Thank you for this. I visited Montreal 2 weeks ago for the first time:

    http://www.bikede.org/2013/08/16/i-slipped-over-the-border/

    I stopped for Lime and Mint sorbet twice at that intersection. When cycling on the Rue Clark cycle track, it is exactly as inviting and tempting as you say in the film.

    I had meant to email StreetFilms with a request to do a Montreal video...but you guys are so efficient that you made one before I could even compose an email. One extra request, though. If you have additional (unused footage)of Montreal's cycle tracks, it would be very, very, very, very helpful for you to do a second film just about those.

    James Wilson

  • PierreLe

    The problem in Montréal, like you can clearly noticed in your film is that NONE of the bikers respect road sing, no stop no light and the pedestrian ....Whatch out or you will get rn over by those cyclist ;)

  • Upright Biker

    I also noticed that bit of disrespect.

    Bikers, let's all agree that rule #1 should be "Yield to Pedestrians."

  • http://www.streetfilms.org Clarence Eckerson Jr.

    James - serendipity! Pretty funny, I have already seen quite a few tweets on the video...

    - 2 people that live really close to the intersection that had no idea of the changes and

    - 1 person that just visited Montreal and took a photo a month ago enjoying ice cream but the benches hadn't been installed yet. (The neckdowns were there, however)

    Also, you'll find more footage of the cycle tracks here in the 2nd video in this post: http://www.streetfilms.org/experience-montreals-car-free-rue-st-catherine-bustling-bike-rush-hour/

    If I wasn't there for vacation I would have come back with even more footage, but I tried to enjoy myself and not film all the time for the sake of my wife. :)

  • Kevin Love

    At the 45 second mark in the video, the camera operator fails to yield to a pedestrian while blowing through a stop sign.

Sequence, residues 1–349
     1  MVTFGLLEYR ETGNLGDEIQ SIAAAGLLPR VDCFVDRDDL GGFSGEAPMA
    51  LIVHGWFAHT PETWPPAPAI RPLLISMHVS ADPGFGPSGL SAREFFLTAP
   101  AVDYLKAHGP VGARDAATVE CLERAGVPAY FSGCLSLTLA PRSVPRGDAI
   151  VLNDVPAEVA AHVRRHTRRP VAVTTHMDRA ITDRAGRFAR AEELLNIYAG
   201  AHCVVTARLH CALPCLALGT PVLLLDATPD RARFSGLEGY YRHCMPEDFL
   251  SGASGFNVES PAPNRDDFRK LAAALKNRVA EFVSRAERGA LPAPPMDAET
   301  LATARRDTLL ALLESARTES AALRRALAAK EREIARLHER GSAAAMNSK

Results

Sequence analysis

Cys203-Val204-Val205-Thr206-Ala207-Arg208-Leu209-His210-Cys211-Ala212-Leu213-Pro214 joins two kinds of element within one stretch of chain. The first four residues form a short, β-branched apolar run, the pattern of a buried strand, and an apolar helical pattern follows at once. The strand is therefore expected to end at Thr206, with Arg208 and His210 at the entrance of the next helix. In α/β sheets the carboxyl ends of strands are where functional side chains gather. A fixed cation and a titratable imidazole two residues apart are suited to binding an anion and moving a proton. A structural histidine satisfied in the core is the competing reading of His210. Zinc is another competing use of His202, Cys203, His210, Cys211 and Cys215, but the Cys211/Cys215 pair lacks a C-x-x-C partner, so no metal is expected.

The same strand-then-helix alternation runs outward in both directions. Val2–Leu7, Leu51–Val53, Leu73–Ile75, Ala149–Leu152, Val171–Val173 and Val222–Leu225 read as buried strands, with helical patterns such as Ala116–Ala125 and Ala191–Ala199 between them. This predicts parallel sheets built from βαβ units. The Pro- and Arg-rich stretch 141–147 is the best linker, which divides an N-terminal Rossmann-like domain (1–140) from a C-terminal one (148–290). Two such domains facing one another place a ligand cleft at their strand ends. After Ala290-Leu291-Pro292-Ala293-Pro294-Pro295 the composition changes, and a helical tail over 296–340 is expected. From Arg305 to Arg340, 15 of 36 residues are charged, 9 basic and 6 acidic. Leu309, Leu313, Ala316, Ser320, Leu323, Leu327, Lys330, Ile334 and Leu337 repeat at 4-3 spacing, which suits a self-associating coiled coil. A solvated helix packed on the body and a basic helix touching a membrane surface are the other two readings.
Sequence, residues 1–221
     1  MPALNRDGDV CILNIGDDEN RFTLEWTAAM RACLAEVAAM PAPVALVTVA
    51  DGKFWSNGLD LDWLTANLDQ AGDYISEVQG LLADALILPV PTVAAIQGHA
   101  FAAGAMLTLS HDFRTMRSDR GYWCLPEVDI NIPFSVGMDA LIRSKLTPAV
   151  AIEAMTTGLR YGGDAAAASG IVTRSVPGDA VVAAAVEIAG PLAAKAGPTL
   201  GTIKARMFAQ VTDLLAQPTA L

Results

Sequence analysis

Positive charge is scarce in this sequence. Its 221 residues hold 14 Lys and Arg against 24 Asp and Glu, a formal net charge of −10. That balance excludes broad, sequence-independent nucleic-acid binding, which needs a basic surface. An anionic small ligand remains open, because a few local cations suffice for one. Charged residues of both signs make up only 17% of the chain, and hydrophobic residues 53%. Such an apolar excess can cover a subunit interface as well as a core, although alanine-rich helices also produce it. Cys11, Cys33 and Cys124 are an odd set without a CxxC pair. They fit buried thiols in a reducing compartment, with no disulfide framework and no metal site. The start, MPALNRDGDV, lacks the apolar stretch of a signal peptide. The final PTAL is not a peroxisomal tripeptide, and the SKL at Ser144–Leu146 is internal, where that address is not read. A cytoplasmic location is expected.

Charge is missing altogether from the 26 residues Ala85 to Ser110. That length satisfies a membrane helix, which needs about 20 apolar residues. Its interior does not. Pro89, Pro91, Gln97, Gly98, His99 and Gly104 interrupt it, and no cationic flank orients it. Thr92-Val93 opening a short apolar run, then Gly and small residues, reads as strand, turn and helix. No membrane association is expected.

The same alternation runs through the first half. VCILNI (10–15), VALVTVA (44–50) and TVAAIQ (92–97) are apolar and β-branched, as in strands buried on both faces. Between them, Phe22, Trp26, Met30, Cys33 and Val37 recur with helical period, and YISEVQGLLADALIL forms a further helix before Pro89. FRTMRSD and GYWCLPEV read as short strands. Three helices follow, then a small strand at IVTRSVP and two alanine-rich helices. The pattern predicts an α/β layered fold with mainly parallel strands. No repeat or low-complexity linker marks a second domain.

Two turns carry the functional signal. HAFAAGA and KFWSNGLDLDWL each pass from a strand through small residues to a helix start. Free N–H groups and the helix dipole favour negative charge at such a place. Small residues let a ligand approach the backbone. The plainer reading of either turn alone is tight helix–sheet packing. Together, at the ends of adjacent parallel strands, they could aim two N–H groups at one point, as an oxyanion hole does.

• Alex Norris

    Thanks for this piece, Clarence. I'm the city councillor for
    Mile End, the district where this new public space is located. It was an
    initiative of our borough council administration, headed by borough mayor Luc
    Ferrandez. Our municipal party, Projet Montréal, is committed to making our
    public spaces greener and safer and more inviting for pedestrians and cyclists and we've done many other similar projects since being elected in 2009. In a previous comment, Daniel Sanger, a member of our staff, laid out the rationale for this particular project. Drop me a line next time you're in Montreal and I'll be happy to show you some of our other initiatives elsewhere in the borough!

  • Wheeled Pedestrian Cycling

    http://www.nzta.govt.nz/resources/research/reports/530/docs/RR-530-Reallocation-of-road-space.pdf

    Here's some research to support the observations made in this video. 'The role of pedestrians and cyclists are important to the economic viability of local shopping areas'.

  • HamTech87

    Isn't this where Wilensky's is? A huge tourist destination, like going back in a time machine to the 1930s.

  • fafacious

    The KemCoba Lime Mint sorbet loving wife. It's the reason we went back to the intersection the third time, remember?

  • lagatta à montréal

    I agree, Upright, and always do, but the above commenter is a serial cyclist-hater worthy of Rob Ford.

  • Upright Biker

    Ah, I failed to do my opposition research. Haters of all stripes are never very useful when it comes to forging solutions, but they are very clever at pointing out the obvious if it helps them puff up, aren't they?

  • HC Edelmann

    riding on the wrong side of the street is not wonderful

  • lagatta à montréal

    I live just north of the Plateau, in "Petite-Italie", which is part of the Rosemont - La-Petite-Patrie borough. Our council is Projet Montréal as well, and we also have a lot of green lanes, new cycle lanes and "saillies de trottoir" (expanded street corner sidewalks, with greenery). It makes life much more pleasant and improves safety for pedestrians, cyclists and motorists alike.

    I do wish the police would do more to enforce the 30kmh areas in front of schools.

  • lagatta à montréal

    Well, I happened to have time to read through his posts. Despite the ill will, he is correct that cyclists should yield to pedestrians, and at least do a rolling stop and be prepared to stop (hands on brakes) at stop signs. (Before Pierre weighs in about the letter of the law, drivers also systemically do rolling stops).

    I would also like to remind pedestrians to look both ways, as we were taught to do as children. So many step into the street while texting now, and it is not always easy to stop on a dime. A particular danger is the electric vehicles that sometimes make no sound whatsoever.

  • http://rwrc.tumblr.com wrcmontreal